July 31st, 2005


A mind is a terrible thing to waste -- oops, too late

I was heading into Wal-Mart last Friday night (and by the way, small town ministry is immeasurably aided by going to Wal-Mart on Friday night -- you're sure to run into somebody you've been meaning to talk to), and there in the parking lot was this car. A parochial school sticker was on one corner of the back window, and on the other corner was a sticker that read,
I [heart] the Old Latin Mass.

It made me think: how about writing a hymn with that theme to the tune of "The Old Rugged Cross?"
To the Old Latin Mass, I will ever be true,
No English translation will do.
I hold onto my hope that some future day Pope
Will return us to 1502.

So I'll cherish the Old Latin Mass,
from my place in my parish church nave.
I will cling to the Old Latin Mass,
Till they carry me off to my grave.

Others are welcome to add verses or rewrite my (rather limp) chorus.

EDIT: Since the Council of Trent adjourned in 1563, I suppose the verse, above, should be "return us to 1602," though 1802 or 1902 would do just as well.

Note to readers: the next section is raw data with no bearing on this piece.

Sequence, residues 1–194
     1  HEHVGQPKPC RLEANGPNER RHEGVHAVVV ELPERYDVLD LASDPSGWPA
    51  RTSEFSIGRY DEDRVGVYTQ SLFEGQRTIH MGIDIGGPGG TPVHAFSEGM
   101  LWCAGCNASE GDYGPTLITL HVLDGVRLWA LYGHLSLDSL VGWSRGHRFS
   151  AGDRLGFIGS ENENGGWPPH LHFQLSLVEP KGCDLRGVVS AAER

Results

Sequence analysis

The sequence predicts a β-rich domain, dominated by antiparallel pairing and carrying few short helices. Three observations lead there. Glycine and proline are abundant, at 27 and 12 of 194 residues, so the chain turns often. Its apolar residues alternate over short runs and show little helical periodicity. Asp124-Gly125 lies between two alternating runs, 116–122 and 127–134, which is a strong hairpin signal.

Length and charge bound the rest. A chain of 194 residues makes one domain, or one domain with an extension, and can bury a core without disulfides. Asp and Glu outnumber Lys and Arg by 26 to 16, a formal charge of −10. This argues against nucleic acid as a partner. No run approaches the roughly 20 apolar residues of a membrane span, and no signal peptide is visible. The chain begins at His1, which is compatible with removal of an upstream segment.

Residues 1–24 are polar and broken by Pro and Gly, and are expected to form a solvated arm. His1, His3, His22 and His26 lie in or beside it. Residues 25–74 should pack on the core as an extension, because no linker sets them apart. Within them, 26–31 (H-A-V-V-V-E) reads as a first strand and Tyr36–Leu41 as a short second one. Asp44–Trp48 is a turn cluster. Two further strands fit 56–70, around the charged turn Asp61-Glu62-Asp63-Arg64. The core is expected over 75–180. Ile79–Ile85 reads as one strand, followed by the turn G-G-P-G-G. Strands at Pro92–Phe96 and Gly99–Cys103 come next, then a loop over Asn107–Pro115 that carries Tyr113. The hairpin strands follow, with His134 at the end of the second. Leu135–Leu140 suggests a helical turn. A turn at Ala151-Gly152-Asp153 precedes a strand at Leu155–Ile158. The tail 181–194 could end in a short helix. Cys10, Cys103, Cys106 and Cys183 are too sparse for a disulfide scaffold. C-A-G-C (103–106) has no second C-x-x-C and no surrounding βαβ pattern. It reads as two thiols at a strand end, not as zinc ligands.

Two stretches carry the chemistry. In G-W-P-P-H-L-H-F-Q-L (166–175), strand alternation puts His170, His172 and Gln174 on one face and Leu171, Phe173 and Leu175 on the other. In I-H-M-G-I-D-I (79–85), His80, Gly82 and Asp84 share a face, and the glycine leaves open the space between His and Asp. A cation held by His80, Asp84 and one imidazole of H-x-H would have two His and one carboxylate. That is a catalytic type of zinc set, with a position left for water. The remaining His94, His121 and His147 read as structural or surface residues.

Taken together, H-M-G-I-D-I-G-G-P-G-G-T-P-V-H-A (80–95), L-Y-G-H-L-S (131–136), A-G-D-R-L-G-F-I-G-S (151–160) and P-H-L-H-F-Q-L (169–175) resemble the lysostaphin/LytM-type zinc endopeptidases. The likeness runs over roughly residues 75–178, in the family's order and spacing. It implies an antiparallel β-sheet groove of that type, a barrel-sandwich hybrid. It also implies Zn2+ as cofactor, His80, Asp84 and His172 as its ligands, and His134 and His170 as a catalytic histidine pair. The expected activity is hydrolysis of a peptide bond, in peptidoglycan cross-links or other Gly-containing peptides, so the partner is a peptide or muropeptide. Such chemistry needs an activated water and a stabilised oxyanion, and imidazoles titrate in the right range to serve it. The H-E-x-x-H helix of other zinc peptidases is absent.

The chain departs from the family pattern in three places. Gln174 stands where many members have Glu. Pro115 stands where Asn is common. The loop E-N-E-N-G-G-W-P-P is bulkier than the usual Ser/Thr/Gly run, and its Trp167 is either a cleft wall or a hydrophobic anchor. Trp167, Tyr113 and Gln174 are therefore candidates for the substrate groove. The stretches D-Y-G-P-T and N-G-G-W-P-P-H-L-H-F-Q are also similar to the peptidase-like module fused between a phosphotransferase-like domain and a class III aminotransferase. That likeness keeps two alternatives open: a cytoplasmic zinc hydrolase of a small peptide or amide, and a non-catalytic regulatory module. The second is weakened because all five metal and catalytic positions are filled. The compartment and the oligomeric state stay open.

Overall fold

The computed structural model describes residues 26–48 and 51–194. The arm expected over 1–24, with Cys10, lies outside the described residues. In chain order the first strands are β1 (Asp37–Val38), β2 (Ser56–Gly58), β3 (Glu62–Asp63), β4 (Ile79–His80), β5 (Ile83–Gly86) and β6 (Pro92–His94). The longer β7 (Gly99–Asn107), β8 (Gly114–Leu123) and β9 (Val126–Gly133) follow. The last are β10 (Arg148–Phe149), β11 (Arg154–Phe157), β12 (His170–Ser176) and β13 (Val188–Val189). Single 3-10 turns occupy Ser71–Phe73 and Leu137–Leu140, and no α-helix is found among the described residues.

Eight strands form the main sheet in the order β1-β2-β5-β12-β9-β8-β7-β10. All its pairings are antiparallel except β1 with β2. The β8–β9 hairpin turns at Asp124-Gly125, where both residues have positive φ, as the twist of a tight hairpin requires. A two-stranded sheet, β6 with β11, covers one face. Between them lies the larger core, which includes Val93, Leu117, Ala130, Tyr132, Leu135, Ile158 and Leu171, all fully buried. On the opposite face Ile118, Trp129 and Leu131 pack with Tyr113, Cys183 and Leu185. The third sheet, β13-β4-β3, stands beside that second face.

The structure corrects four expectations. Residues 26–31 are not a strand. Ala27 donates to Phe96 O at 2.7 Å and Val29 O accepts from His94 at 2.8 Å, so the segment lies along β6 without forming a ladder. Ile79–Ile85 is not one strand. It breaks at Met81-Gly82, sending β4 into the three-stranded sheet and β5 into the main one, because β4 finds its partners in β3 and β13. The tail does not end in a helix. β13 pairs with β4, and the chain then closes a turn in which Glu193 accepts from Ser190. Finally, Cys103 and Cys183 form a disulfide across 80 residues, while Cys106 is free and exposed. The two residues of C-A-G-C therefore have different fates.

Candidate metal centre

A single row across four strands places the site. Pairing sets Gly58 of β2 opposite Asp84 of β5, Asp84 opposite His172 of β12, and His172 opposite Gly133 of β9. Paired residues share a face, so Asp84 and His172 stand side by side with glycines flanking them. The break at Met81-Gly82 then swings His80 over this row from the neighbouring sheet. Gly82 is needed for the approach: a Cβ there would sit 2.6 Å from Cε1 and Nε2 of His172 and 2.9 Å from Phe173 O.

The death of classical education at last

Astronomers claiming to have found the 10th planet in our solar system want to name it -- are you ready? -- Xena, after the TV warrior princess.

I guess they ran out of Latin and Greek gods and demigods naming all those asteroids or something. Still, one would hope for a major personality in classical mythology for something purporting to join the company of Mercury, Venus, Mars, Jupiter, Saturn, Uranus, Neptune, and Pluto. If we've run out of anthropomorphic powers from the classical mythos, how about the deified qualities of a Roman numen? Like, say, Pax? Or, Libertas? For that matter, Ops hasn't been taken so far as I know. Among anthropomorphic types, there's Epimetheus. And Tithonus. And Minos. But XENA?

Take me to a vomitorium; gag me with a spoon.